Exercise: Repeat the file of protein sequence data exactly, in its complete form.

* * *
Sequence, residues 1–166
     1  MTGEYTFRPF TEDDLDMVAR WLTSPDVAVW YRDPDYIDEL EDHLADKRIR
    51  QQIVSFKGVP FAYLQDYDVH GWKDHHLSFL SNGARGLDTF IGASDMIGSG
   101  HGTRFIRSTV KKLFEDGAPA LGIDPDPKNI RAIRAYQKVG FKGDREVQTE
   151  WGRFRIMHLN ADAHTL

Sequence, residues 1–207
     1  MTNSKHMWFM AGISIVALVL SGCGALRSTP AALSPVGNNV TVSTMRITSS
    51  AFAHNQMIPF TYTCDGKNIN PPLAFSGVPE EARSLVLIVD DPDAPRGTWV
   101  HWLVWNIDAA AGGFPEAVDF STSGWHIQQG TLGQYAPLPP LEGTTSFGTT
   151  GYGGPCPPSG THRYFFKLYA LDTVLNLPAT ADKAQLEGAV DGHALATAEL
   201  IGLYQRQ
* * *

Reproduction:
Sequence, residues 1–166
     1  MTGEYTFRPF TEDDLDMVAR WLTSPDVAVW YRDPDYIDEL EDHLADKRIR
    51  QQIVSFKGVP FAYLQDYDVH GWKDHHLSFL SNGARGLDTF IGASDMIGSG
   101  HGTRFIRSTV KKLFEDGAPA LGIDPDPKNI RAIRAYQKVG FKGDREVQTE
   151  WGRFRIMHLN ADAHTL

Sequence, residues 1–207
     1  MTNSKHMWFM AGISIVALVL SGCGALRSTP AALSPVGNNV TVSTMRITSS
    51  AFAHNQMIPF TYTCDGKNIN PPLAFSGVPE EARSLVLIVD DPDAPRGTWV
   101  HWLVWNIDAA AGGFPEAVDF STSGWHIQQG TLGQYAPLPP LEGTTSFGTT
   151  GYGGPCPPSG THRYFFKLYA LDTVLNLPAT ADKAQLEGAV DGHALATAEL
   201  IGLYQRQ